Recognizing the Perfect Turn Card to Keep Bluffing
Here's a good example of the kind of hand that a lot of players might be inclined just to give up on after they miss the flop and turn. But in fact you'll find a lot of the biggest winners consistently take these kinds of pots when they keep firing.
We were in the money in the $3,500 buy-in World Poker Tour Borgata Poker Open, and with blinds 6,000/12,000 and a 12,000 big blind ante action folded around to me in middle position where I had been dealt .
I had a stack of 734,000 (about 64 big blinds) and raised to 28,000 and only the loose-aggressive player in the big blind called. The flop then came and my opponent checked.
As I discuss below, this is a spot where you are frequently going to want to make a continuation bet, probably on the small side. Here I did bet just 20,000 (just over a quarter-pot) and my opponent called.
My opponent calling here isn't surprising — after all, I just gave him terrific pot odds to do so. But I'm already thinking at this point about barreling again on the turn, in particular if that card gives my hand additional equity.
Take your seat, wait for your cards, and freeroll your way to the $500k XL Main Event on February 16.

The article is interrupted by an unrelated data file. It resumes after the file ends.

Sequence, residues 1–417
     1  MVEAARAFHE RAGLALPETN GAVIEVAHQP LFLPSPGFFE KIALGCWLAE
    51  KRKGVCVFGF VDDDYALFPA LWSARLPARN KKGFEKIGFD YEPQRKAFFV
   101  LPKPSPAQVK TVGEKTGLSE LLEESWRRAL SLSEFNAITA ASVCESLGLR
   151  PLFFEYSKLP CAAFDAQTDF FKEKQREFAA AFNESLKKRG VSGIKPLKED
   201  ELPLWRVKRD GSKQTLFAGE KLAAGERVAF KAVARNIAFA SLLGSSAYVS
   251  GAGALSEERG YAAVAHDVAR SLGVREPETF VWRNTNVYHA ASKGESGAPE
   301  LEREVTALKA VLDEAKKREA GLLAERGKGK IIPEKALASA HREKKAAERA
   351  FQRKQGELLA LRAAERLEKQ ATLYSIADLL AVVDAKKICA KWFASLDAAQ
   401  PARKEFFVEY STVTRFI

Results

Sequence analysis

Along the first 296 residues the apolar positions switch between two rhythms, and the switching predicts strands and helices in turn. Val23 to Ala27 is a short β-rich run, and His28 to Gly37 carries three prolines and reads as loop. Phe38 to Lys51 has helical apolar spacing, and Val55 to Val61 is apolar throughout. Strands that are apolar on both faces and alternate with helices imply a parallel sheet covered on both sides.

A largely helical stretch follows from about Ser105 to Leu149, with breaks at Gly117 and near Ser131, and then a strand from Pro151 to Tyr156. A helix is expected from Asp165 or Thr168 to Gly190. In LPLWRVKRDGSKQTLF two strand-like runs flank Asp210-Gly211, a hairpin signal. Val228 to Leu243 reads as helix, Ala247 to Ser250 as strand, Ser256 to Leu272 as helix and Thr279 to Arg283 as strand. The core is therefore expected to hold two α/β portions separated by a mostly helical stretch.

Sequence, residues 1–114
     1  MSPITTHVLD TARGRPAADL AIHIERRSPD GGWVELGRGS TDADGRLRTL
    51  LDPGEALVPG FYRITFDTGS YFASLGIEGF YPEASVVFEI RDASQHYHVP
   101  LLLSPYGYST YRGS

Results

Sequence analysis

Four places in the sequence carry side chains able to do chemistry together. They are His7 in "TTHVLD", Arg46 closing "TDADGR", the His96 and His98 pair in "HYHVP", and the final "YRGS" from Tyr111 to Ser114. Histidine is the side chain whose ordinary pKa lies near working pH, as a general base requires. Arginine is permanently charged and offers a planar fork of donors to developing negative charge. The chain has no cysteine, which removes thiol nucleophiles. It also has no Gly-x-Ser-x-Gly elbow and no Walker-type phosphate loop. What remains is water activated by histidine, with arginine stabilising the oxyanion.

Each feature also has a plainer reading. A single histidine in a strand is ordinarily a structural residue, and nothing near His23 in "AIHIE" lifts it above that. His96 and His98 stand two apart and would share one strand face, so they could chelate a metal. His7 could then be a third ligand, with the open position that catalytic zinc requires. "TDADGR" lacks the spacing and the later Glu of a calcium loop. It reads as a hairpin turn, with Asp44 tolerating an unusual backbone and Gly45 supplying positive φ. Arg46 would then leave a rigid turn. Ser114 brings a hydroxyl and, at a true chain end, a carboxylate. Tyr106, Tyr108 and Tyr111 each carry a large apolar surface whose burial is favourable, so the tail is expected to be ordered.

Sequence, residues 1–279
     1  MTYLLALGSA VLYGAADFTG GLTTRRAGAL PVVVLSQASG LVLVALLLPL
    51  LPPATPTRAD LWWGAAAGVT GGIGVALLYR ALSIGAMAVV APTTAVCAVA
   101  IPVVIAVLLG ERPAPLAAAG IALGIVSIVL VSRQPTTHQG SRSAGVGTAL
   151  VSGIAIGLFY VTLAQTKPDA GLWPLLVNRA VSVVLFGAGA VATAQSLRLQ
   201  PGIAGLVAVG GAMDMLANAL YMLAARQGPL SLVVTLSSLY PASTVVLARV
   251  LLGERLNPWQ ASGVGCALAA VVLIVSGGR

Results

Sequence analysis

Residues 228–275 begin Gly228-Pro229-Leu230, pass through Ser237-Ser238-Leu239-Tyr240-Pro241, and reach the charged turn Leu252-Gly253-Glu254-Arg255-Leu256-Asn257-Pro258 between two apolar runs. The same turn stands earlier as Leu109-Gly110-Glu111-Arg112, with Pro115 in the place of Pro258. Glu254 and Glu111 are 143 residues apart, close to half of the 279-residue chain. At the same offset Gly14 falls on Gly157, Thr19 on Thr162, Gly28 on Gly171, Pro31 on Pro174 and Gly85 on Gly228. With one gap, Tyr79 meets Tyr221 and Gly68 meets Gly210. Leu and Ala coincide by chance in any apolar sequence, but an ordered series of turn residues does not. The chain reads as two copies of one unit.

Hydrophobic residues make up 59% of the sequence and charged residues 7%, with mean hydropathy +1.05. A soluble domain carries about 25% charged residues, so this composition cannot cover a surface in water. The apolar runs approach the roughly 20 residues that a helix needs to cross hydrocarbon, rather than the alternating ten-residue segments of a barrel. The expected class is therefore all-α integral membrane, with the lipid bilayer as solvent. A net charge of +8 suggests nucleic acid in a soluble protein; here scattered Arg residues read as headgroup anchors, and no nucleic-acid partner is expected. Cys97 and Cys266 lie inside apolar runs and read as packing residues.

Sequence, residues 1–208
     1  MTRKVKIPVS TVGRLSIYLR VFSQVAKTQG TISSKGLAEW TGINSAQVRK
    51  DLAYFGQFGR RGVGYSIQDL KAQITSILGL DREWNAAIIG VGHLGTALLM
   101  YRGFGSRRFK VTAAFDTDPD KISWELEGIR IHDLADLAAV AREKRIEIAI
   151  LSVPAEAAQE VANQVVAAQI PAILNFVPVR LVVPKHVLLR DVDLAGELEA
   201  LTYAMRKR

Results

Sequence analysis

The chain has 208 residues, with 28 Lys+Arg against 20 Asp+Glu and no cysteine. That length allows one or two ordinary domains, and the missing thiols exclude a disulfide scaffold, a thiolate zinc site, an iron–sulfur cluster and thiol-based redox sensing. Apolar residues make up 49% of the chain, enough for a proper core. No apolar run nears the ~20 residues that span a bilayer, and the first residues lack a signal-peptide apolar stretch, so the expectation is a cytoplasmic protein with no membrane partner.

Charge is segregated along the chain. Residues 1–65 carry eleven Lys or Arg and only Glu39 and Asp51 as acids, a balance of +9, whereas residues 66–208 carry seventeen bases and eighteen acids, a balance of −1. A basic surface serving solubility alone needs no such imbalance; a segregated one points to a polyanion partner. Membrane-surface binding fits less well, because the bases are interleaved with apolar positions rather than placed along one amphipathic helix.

The turn came the and the big blind checked again. Do you continue blasting in this situation or do you elect to take the cautious route of checking? As the headline above suggests, I think it's a great situation to put the big blind in a tough spot.
Take a look below and listen to my discussion of the many reasons why this turn is a great card on which to keep betting, and also look at what I decided in terms of bet sizing.
Jonathan Little is a professional poker player and author with over $7,000,000 in live tournament earnings. He writes a weekly educational blog and hosts a podcast at JonathanLittlePoker.com. Sign up to learn poker from Jonathan for free at PokerCoaching.com. You can follow him on Twitter @JonathanLittle.